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'It's All in the GAME' of the Great American Music Ensemble from Jazzed Media (REVIEW)

By Mike Greenblatt m.greenblatt@classicalite.com on Mar 14, 2016 05:24 PM EDT

Doug Richards is one of the most respected composers/arrangers you've never heard of, so much so that a tribute CD, Bugles Over Zagreb: The Music of Doug Richards by Rex Richardson, came out in 2014, before Richards himself ever recorded under his own name. Richards put The Great American Music Ensemble (GAME) together in the mid-'80s, toured throughout the '90s, and in 2001, recorded It's All In The Game. Yet due to lack of label interest, it sat on the shelf unheard despite daring soloists like trumpeter Jon Faddis, violinist Joe Kennedy, Jr. [1923-2004] and vocalist Rene Marie.

Sure, touring jazz big bands are pretty much a thing of the past. The cost for folks like Ellington, Basie, Herman, Kenton and the like far outweighed the interest thereof. So today, a smart guy like Wynton Marsalis, instead of touring with his orchestra, conducts under the auspices of Lincoln Center in Manhattan so folks come to him rather than the other way around.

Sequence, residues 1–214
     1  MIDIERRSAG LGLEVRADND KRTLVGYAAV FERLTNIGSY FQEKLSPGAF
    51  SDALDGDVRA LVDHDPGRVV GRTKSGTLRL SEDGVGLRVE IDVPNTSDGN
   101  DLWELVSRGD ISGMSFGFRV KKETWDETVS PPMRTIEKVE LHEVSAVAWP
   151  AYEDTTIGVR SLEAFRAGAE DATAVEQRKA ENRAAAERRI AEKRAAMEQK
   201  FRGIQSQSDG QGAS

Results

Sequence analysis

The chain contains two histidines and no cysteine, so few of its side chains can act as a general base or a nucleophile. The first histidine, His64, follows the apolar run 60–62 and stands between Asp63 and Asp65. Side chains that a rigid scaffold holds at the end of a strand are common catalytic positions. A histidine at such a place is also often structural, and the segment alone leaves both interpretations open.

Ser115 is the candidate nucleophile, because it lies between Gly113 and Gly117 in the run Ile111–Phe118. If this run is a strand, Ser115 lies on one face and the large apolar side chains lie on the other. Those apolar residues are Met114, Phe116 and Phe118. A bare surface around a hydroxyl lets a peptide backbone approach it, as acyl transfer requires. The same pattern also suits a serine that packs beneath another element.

It's All In The Game is a super-sized gumbo of righteous proportions. GAME doesn't just recreate classic charts. It explodes them. A swing classic like "In The Mood" that the Glenn Miller Orchestra first brought to towns nationwide while he was the best-selling recording artist from 1939-1943, is seemingly injected with meth and comes out frenetic, speed-zip bug-eyed wild. That same sensibility infuses Gershwin ("Clap Yo' Hands"), Hoagy Carmichael ("Stardust"), Cole Porter ("I Am Loved"), Fats Waller ("Ain't Misbehavin'") and 10 more including Charlie Parker ("Bird Blues" is actually four songs connected with Parker mashed up and struttin' its stuff like at Mardi Gras).

Doug Richards has been content to create great music behind the scenes, so to speak (check out his world music conducting in the embedded video). You want big band action? You got it: sax (13), clarinet (7), bassoon (2), flute (2), trumpet (5), flugelhorn (4), trombone (3), euphonium, piano (2), bass, drums, percussion, vocals and violin all compete for your attention. Now imagine touring with 13 saxophones.

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TagsThe Great American Music Ensemble, Doug Richards, Rex Richardson, REVIEW